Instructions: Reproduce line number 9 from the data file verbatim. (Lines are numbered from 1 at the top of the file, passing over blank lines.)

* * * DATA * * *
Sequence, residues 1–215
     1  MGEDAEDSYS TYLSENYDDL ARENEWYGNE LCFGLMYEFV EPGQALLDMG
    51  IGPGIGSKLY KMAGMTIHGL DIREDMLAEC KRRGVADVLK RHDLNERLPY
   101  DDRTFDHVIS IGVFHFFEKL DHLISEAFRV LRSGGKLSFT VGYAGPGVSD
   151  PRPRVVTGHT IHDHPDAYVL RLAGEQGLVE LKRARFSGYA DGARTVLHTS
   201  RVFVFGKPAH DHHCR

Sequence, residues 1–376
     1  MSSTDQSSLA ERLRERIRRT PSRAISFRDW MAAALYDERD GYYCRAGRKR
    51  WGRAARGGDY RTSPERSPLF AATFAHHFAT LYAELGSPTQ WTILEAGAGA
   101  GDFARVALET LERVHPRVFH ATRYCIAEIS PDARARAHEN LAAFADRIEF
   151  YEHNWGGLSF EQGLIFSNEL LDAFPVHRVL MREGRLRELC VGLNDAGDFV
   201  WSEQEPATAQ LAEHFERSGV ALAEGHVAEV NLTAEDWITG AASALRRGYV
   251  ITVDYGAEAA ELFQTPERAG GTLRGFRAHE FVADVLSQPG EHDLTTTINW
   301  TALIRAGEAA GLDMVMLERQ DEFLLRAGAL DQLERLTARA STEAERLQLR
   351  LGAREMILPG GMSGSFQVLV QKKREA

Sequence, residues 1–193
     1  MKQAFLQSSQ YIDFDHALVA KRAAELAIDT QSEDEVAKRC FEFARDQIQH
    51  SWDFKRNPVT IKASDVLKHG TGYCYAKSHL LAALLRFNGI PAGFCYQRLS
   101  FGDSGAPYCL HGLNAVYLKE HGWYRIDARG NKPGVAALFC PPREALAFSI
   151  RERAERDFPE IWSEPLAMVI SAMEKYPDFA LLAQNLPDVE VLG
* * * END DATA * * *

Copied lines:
    51  WGRAARGGDY RTSPERSPLF AATFAHHFAT LYAELGSPTQ WTILEAGAGA